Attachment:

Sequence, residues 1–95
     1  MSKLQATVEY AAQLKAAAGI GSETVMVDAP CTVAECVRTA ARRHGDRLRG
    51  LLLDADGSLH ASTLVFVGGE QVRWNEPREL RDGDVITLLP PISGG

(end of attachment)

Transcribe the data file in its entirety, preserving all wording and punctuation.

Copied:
Sequence, residues 1–95
     1  MSKLQATVEY AAQLKAAAGI GSETVMVDAP CTVAECVRTA ARRHGDRLRG
    51  LLLDADGSLH ASTLVFVGGE QVRWNEPREL RDGDVITLLP PISGG